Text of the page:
• Understand that accreditation under ATAS is subject to the Charter
  • Declaration that the participant agrees to comply with Australian Consumer Law and will use its best endeavours to ensure its employees comply with the ACL
  • An acceptance that through its corporate policies and procedures it will provide a level of staff education and training which is consistent with the eligibility criteria 
  • Releases and indemnifies AFTA and the ATAS Code Compliance and Monitoring Committee (ACCMC) with respect to ATAS. 
  • Provides a declaration of solvency to accompany financial information provided under criteria 4 - business compliance.

ATAS Deed Poll


17. Who can certify accounts and agree to the Deed Poll?

A duly authorised individual from the applying entity is responsible for agreeing to the terms and conditions outlined in the deed poll and certifying financial information provided to AFTA.


18. Where can I obtain a copy of the Code of Conduct and / or Charter?

Please see below to review the ATAS Code of Conduct and ATAS Charter.

ATAS CODE OF CONDUCT

ATAS CHARTER


19. I am a member of IATA do I still need to do a financial audit?

Yes, you still need to complete a financial audit for IATA purposes.

IATA is a separate organisation, operated independently of AFTA. If you are IATA accredited you may choose to submit your IATA audit to comply with ATAS application criteria 4 – business compliance, where you are required to provide proof of solvency. This is just to make life easier for you!


20. Is my business required to keep a client account?

ATAS participants are required to keep a client account.


21. What duration is the accreditation valid for?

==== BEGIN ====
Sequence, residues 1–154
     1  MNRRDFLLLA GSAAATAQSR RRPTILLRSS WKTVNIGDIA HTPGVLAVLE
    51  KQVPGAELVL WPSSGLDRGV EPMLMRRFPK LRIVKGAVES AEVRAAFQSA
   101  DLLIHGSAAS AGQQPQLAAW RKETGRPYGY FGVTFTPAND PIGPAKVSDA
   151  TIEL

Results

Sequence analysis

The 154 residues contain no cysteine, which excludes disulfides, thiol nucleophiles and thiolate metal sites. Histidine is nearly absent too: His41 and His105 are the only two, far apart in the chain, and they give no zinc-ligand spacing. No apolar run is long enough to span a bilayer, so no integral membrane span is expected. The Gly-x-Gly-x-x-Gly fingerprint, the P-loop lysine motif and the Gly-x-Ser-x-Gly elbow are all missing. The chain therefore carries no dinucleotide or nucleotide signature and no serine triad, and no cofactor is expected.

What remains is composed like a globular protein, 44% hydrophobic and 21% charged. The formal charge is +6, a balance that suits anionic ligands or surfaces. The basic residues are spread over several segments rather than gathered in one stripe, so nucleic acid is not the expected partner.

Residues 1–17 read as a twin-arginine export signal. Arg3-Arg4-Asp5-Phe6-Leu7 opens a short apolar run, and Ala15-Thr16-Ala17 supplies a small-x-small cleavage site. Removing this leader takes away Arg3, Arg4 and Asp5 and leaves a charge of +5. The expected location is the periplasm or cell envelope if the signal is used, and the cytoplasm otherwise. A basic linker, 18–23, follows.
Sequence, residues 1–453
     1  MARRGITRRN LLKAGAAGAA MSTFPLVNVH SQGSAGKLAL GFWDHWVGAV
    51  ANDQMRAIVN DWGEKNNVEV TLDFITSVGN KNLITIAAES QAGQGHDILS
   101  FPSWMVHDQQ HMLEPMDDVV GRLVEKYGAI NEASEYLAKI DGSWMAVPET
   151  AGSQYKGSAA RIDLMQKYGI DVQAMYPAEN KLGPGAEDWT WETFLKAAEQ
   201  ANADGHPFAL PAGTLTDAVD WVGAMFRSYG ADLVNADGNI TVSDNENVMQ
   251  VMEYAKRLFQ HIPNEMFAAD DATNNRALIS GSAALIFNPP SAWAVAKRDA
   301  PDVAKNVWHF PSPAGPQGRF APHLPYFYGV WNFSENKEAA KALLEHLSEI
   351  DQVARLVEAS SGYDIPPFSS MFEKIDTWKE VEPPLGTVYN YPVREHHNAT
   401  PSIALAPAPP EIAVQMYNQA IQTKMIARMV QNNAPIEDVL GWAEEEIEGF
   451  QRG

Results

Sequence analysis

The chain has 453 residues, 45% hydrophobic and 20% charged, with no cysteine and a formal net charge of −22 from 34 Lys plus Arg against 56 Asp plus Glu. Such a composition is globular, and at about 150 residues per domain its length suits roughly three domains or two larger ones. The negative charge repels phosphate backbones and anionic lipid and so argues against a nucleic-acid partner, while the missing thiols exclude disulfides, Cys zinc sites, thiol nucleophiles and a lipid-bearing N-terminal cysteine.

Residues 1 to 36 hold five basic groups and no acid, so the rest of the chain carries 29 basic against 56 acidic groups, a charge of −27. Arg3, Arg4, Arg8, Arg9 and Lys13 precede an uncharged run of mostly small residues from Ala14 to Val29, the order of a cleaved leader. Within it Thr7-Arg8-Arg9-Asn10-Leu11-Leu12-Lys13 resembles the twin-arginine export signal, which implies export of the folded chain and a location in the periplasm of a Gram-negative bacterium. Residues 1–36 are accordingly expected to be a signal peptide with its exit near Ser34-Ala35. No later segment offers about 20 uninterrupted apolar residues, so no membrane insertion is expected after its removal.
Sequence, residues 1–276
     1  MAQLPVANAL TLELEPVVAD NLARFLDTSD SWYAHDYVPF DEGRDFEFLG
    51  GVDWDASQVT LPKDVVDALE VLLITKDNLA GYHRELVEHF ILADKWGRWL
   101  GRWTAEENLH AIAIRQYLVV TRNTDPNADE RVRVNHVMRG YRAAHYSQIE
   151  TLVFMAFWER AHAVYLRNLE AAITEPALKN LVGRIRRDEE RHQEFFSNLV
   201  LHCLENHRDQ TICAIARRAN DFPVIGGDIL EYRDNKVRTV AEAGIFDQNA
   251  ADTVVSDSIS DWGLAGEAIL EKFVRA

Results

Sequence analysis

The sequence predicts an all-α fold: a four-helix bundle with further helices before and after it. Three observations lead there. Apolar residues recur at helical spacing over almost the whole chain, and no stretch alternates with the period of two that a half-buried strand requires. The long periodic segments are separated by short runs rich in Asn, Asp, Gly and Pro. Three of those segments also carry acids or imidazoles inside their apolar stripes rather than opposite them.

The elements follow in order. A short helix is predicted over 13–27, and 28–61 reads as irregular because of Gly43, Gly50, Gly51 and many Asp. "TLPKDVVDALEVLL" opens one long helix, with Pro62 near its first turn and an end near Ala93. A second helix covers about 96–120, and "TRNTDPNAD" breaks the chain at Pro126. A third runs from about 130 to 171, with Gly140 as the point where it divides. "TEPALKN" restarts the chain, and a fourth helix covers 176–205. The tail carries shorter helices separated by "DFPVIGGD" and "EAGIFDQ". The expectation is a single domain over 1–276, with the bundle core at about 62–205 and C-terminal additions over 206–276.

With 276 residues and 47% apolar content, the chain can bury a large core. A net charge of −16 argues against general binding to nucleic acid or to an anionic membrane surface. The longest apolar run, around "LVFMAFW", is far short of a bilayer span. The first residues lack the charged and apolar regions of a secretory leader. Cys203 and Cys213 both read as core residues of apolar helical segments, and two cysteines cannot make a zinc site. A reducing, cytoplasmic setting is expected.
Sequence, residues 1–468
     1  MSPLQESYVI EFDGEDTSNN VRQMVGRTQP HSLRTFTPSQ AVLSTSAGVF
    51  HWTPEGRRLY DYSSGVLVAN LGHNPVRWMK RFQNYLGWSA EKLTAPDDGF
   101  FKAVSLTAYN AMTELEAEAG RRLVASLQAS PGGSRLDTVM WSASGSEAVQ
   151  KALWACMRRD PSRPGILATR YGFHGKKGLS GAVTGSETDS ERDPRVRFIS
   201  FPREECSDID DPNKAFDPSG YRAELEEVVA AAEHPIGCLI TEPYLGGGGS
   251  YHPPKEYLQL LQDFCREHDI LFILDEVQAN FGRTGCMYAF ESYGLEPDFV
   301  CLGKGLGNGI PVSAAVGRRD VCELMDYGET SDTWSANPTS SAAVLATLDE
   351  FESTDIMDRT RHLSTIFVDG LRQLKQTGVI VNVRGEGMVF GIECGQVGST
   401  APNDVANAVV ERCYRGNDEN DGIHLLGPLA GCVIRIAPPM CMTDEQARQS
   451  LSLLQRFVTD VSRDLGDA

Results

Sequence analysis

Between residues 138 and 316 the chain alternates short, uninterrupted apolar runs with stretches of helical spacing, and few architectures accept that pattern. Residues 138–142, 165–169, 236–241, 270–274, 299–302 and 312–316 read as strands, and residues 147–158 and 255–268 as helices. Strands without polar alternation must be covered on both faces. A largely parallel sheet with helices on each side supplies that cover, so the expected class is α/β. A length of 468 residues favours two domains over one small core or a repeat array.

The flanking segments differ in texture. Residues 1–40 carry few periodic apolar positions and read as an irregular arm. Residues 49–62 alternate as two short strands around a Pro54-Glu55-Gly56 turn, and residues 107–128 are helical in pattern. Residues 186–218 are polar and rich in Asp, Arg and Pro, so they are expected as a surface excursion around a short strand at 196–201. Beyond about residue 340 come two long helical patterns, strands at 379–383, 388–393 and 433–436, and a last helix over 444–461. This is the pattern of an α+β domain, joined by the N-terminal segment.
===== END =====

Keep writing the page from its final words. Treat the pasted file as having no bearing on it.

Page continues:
Upon accreditation you will be issued with an expiry date. You will be required to renew annually before your expiry date. In some circumstances, this will be 12 months from the date of your accreditation. However, if you belong to a group that pays on your behalf for your accreditation, your expiry date will be aligned to 30 June.


22. How long will it take to have my application approved?

Once an application has been submitted, permitting all appropriate documentation are provided and there is no followup required, applications will be assessed within 4-6 weeks.


23. If my application is declined, can I appeal the decision?

Yes, for any declined application the applicant may appeal the decision.

Our Compliance Manager will provide you with the reason for your declined application and work with you, where possible, to be in a position where your application may be approved. 


24. What defines a business as solvent?

A participant is solvent if it reasonably expects to be able to pay its debts when they are due to be paid.


25. Will my application require a background check?

In most circumstances a background check is required. Changes to the ATAS Charter to bolster the scheme’s integrity resulted in certain background checks becoming necessary.

The areas of interest in the checks will be bankruptcy, business interests, credit default, financial regulatory and a national police check. These checks are used to determine that the information provided in an ATAS application are correct and to ensure that important information relevant to the review of the application has been included by the applicant.